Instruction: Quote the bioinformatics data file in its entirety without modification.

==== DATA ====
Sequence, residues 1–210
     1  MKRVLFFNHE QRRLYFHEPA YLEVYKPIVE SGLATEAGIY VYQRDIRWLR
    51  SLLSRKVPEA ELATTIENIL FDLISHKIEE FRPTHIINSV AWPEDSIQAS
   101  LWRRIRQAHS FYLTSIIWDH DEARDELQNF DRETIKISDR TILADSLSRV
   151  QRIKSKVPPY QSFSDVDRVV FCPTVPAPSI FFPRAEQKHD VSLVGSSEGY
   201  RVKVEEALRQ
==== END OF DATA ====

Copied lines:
Sequence, residues 1–210
     1  MKRVLFFNHE QRRLYFHEPA YLEVYKPIVE SGLATEAGIY VYQRDIRWLR
    51  SLLSRKVPEA ELATTIENIL FDLISHKIEE FRPTHIINSV AWPEDSIQAS
   101  LWRRIRQAHS FYLTSIIWDH DEARDELQNF DRETIKISDR TILADSLSRV
   151  QRIKSKVPPY QSFSDVDRVV FCPTVPAPSI FFPRAEQKHD VSLVGSSEGY
   201  RVKVEEALRQ